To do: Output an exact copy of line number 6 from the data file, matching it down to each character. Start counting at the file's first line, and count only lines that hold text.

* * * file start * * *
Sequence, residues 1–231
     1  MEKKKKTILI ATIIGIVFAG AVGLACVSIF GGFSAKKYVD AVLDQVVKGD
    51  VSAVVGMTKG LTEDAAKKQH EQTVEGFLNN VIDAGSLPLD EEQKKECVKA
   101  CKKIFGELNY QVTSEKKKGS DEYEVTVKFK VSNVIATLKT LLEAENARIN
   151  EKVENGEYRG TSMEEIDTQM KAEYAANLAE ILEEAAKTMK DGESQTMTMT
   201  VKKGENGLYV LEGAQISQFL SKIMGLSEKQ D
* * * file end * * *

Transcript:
   201  VKKGENGLYV LEGAQISQFL SKIMGLSEKQ D